ANCHORAGE, Alaska — The second half-century for the world’s most famous sled dog race is getting off to a rough start.
Only 33 mushers will participate in the ceremonial start of the Iditarod Trail Sled Dog Race on Saturday, the smallest field ever to take their dog teams nearly 1,000 miles over Alaska’s unforgiving wilderness. This year’s lineup is smaller even than that of the 34 mushers who lined up for the very first race in 1973.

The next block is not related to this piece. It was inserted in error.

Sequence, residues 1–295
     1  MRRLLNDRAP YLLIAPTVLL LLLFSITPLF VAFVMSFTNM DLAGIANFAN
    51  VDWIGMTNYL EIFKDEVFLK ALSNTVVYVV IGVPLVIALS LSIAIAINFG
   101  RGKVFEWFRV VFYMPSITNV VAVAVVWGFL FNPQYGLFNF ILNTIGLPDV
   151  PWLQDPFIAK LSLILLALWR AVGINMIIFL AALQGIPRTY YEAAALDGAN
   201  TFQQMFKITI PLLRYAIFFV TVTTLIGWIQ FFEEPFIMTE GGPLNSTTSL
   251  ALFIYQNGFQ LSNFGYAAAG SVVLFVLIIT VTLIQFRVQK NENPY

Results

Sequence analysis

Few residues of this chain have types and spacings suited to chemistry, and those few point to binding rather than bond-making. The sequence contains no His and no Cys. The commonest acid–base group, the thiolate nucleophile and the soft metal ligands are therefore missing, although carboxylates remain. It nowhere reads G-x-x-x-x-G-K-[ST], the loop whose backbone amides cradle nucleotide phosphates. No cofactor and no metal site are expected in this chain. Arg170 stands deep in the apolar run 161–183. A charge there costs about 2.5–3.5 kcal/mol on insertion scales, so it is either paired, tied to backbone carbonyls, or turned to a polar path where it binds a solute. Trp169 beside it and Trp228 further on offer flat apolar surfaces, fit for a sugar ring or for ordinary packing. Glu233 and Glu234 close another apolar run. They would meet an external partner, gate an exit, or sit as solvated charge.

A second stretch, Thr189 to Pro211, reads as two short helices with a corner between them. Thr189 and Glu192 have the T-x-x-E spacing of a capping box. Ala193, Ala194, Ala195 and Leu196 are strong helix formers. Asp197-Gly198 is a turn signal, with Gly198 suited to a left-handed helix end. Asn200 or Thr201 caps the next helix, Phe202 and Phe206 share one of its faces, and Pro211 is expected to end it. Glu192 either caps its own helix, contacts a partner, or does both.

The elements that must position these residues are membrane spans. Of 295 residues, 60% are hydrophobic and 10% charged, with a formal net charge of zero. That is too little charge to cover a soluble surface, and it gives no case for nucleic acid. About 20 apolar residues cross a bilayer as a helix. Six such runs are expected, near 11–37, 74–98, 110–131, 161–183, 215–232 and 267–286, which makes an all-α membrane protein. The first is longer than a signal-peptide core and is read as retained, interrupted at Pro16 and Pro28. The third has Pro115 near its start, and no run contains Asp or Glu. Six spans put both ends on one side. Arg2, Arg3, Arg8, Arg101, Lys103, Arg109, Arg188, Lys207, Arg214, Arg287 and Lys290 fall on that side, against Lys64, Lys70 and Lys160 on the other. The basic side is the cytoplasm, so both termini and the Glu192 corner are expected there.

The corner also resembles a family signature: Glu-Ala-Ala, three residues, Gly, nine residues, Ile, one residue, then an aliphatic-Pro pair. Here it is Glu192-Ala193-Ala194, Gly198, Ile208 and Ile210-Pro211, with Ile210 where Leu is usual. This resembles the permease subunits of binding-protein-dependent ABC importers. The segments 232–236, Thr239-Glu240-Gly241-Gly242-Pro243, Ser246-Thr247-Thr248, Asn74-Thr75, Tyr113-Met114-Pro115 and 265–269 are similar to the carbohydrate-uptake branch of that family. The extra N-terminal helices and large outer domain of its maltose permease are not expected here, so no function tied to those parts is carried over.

The small pool of mushers is raising concerns about the future of an iconic race that has taken hits from the pandemic, climate change, inflation and the loss of deep-pocketed sponsors, just as multiple big-name mushing champions are retiring with few to take their place.
The largest field ever was 96 mushers in 2008; the average number of mushers starting the race over the last 50 years was 63.
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